Once upon a time, Joe Diffie's career seemed to be on the fast track. After all, he had a golden voice perfectly suited to ballads and honky tonkers and some good material to boot.
But along the way, Diffie seems to have gotten pigeon-holed by success with novelty songs. And while Diffie may talk about not wanted to be lassoed by such songs, he seems to have done so again. The lead-off song and single "This is Your Brain" is catchy enough - Diffie sings it on full throttle - but there's not much substance there. "Houston, We Have a Problem" fares worse. It's plain clunky.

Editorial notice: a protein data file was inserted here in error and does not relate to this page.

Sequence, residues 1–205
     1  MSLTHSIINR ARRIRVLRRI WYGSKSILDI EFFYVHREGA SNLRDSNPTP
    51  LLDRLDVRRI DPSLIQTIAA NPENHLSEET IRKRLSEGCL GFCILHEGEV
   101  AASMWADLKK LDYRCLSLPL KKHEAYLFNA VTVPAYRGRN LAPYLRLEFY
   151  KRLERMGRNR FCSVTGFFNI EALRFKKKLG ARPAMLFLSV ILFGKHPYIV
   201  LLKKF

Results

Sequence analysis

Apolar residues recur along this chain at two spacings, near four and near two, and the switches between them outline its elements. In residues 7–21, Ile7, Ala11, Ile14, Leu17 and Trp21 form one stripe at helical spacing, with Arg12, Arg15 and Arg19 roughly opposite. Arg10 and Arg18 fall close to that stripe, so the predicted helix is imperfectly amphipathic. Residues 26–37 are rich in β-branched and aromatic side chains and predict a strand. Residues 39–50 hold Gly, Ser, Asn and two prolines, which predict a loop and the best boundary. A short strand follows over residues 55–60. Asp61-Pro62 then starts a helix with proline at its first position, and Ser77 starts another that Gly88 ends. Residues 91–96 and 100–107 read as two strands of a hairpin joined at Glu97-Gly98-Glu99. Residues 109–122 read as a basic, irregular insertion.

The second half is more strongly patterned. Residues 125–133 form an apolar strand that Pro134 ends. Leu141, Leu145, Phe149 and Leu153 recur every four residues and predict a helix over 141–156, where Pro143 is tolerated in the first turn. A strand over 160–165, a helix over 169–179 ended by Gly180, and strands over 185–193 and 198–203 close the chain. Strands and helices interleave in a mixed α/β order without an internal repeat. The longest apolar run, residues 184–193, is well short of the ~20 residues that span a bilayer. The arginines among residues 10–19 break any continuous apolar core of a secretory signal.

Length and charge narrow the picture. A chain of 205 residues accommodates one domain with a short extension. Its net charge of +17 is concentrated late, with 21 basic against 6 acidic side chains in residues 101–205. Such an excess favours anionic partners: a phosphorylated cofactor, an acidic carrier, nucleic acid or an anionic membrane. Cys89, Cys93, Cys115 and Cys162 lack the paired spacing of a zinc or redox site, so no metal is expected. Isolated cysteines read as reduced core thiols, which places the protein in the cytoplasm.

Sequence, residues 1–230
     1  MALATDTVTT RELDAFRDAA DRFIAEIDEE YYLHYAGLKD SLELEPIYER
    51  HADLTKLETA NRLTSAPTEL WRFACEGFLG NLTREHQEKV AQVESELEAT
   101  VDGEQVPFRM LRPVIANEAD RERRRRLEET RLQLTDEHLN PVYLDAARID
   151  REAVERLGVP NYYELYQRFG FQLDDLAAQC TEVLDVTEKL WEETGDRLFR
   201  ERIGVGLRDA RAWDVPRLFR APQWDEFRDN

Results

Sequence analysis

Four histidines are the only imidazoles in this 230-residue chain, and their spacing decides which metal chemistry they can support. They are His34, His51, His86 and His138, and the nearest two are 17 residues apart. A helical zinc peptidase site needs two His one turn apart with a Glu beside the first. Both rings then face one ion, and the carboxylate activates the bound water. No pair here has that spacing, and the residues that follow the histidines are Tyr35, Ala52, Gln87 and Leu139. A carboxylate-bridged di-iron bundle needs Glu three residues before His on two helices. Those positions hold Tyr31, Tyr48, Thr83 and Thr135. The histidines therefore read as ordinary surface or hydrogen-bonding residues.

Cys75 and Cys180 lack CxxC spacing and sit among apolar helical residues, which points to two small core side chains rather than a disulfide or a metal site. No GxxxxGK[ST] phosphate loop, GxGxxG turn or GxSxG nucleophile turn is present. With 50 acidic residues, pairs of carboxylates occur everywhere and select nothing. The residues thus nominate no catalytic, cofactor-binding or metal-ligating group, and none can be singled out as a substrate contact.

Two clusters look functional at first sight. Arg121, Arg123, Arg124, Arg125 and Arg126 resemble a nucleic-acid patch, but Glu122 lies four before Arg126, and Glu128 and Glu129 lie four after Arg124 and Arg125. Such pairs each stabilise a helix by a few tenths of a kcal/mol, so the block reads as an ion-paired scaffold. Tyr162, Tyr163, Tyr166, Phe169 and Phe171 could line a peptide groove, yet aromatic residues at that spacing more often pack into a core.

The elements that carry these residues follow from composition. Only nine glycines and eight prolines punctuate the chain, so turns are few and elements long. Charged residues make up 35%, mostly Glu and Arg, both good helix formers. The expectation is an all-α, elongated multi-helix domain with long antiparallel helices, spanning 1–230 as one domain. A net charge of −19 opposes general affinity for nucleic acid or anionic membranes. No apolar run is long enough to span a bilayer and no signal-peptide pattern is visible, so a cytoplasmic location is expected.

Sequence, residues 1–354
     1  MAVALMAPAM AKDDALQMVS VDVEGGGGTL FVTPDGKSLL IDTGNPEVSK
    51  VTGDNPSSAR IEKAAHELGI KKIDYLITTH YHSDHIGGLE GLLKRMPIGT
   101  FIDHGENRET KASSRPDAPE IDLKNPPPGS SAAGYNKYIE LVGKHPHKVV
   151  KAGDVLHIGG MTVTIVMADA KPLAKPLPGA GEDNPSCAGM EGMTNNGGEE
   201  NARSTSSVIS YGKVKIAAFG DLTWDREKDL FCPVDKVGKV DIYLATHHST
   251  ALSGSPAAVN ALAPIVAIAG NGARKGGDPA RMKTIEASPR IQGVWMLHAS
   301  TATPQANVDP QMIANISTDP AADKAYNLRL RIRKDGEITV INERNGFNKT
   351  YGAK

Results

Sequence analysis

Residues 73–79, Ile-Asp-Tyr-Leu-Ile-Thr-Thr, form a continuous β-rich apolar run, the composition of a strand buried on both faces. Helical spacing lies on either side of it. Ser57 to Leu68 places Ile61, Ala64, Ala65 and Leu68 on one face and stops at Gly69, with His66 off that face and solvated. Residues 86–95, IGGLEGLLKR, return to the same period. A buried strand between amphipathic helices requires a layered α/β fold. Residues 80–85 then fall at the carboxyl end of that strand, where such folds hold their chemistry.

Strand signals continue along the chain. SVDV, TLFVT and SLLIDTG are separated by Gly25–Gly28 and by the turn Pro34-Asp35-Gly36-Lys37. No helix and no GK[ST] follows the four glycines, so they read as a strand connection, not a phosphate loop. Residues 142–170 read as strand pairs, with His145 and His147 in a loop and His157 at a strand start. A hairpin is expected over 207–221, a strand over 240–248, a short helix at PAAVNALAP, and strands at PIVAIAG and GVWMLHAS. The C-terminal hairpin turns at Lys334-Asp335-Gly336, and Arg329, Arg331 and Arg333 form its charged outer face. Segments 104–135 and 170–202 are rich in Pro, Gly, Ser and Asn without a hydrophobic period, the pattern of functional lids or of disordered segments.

Diffie is convincing on the title track, a ballad, and "The Promised Land,"perhaps the best song. He concludes the album with a series of good vocal performances ("It's Hard to Be Me" with nice fiddling from Stuart Duncan and "John Doe," a gospel song). The playing is straightforward, but lacks any soul. Producers Johnny Slate and Diffie relied on strings too often, making the songs often sound too syrupy. They should have turned down the drums as well.
Hopefully, next time, Diffie will get back to his roots and head for the fast track.